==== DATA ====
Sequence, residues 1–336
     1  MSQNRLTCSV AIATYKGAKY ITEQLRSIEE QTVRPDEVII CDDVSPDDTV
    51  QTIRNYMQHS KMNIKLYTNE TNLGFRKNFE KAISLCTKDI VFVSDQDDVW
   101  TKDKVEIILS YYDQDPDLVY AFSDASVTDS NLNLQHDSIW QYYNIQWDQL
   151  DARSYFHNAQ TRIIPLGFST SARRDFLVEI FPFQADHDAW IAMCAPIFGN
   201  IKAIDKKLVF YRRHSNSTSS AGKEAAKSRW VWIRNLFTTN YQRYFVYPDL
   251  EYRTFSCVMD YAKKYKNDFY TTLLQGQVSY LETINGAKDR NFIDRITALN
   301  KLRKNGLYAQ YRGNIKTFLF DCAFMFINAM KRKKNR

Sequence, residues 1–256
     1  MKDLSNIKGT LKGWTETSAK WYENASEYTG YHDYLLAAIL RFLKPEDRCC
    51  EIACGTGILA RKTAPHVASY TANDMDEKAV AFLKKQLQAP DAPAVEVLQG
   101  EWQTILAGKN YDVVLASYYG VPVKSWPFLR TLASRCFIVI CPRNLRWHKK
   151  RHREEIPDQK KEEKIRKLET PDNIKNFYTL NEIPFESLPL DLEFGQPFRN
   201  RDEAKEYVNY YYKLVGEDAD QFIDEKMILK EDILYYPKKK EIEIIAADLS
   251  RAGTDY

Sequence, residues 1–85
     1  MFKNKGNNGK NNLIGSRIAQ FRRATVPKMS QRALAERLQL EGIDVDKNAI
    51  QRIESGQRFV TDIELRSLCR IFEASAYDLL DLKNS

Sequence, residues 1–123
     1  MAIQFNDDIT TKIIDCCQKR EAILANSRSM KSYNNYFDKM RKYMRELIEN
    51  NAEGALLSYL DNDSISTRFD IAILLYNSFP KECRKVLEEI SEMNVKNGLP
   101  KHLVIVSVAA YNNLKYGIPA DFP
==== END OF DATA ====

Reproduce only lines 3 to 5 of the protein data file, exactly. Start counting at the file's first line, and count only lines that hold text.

    51  QTIRNYMQHS KMNIKLYTNE TNLGFRKNFE KAISLCTKDI VFVSDQDDVW
   101  TKDKVEIILS YYDQDPDLVY AFSDASVTDS NLNLQHDSIW QYYNIQWDQL
   151  DARSYFHNAQ TRIIPLGFST SARRDFLVEI FPFQADHDAW IAMCAPIFGN